What Every Marketing Spokesperson Should Learn From Dr. Anthony Fauci

Being the calm through the crisis

dr fauci
Dr. Fauci is seen as an expert who also exudes empathy. Trent Joaquin/Adweek
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Regardless of which side of the political aisle you might sit on, it’s difficult to deny that Dr. Anthony Fauci, director of the National Institute of Allergy and Infectious Disease and the top advisor on the White House’s coronavirus task force, is a proficient spokesperson during a crisis. A July Morning Consult/Politico poll showed 62% of registered voters rated Dr. Fauci’s handling of the coronavirus as “excellent” or “good.”

To begin with, he has the right experience for the job. Fauci has been an expert on infectious diseases—from HIV/AIDS and SARS to Ebola and now Covid-19—for more than 50 years. This is step No. 1 when selecting a spokesperson to be front and center when things go wrong: Make sure their skills and credentials match the situation. Here are six more traits Fauci brings to the podium that every crisis spokesperson should learn:

Exude empathy

Perhaps the biggest mistake a spokesperson can make is to show little or no empathy for those impacted by a crisis. Throughout the coronavirus pandemic, Fauci has shown great concern for human welfare. During a heartfelt virtual commencement address for Holy Cross, his alma mater, he told the graduating class, “Now is the time, if ever there was one, for us to care selflessly about one another.”

Airbnb CEO and co-founder of Brian Chesky took this approach to heart when he sent this anguished letter to employees informing them of a 25% staffing reduction caused by the impacts of Covid-19 on the travel industry.

Focus on the facts

One of the most important aspects of being a good crisis spokesperson is to leave opinion and conjecture out of the discussion and only focus on the facts. For example, when some were suggesting that hydroxychloroquine, a drug used for malaria, be used to prevent Covid-19, Fauci firmly disagreed based on science. “It was not done in a controlled clinical trial,” he said. “So you really can’t make any definitive statement about it.”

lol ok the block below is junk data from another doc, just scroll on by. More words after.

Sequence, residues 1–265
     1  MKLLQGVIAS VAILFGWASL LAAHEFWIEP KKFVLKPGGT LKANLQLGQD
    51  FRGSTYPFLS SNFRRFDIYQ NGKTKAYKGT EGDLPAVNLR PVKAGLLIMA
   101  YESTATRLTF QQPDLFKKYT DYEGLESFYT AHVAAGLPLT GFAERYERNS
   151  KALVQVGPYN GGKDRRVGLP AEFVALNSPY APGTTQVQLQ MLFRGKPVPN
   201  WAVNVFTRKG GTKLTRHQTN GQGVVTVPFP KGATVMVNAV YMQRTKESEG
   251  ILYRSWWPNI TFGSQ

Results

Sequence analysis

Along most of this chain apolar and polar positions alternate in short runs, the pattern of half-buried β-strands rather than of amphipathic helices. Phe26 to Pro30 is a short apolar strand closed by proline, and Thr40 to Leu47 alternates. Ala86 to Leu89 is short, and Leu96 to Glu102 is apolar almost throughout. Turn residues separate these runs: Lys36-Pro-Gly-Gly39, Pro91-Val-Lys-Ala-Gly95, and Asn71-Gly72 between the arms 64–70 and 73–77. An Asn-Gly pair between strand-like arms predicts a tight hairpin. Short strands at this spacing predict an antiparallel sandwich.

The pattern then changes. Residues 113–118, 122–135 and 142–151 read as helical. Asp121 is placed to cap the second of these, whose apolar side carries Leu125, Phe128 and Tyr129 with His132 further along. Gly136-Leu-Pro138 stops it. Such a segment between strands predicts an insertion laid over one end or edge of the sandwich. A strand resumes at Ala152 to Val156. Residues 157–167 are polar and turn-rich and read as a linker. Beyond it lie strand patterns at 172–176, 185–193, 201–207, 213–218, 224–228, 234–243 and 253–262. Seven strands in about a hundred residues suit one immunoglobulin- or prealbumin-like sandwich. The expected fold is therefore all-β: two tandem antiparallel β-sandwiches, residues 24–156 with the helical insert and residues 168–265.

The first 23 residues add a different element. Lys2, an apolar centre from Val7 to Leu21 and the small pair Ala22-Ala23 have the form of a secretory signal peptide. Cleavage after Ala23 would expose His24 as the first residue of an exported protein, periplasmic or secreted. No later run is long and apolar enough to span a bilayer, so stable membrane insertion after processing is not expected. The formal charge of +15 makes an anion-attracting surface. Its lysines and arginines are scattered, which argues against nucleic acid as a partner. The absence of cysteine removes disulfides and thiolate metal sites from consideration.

Bring calm to the crisis

Think of a crisis as being at the center of a storm. When surrounded by chaos, people have a tendency to panic. The person charged with communicating about a crisis needs to maintain a sense of calm, particularly if they’re on the receiving end of pointed questions. Consider this exchange at a Covid-19 hearing between U.S. Representative Jim Jordan and Fauci. Jordan presses numerous times, but the doctor holds his ground while never getting flustered.

Simplify and be concise

Science isn’t easy for all people to digest. Being a “novel” virus that has yielded “unprecedented” results further muddles matters. Fauci has the unenviable task of making that which is complicated—and, in many cases, unknown—understandable. Regardless of your industry, you’ll probably need to do the same. “Know what message you need to deliver … and say it as succinctly as you possibly can,” Fauci advises.

Build trust through transparency

Trust is something you must earn. And one of the best ways to accomplish that is through transparency in your communications. While some might think downplaying a situation can avoid panic, honesty—despite the gravity of the situation—creates calm, which produces trust. Those impacted by the crisis don’t want to be placated; they want to understand the full extent of what they’re facing and what they should do to get past it.  

Be consistent

Whether you have one or multiple spokespeople addressing a crisis, you need to make sure that a consistent message is being communicated. Mixed messages cause confusion, as we saw when President Trump and Dr. Fauci had opposing views on the importance of wearing a mask to prevent the spread of Covid-19. If you, a colleague or the media make a mistake (we’re human; it happens), correct it as soon as possible and with humility, as Fauci did with Fox News’ Laura Ingraham.

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Donovan Roche is vp, crisis communications, at Havas Formula in San Diego.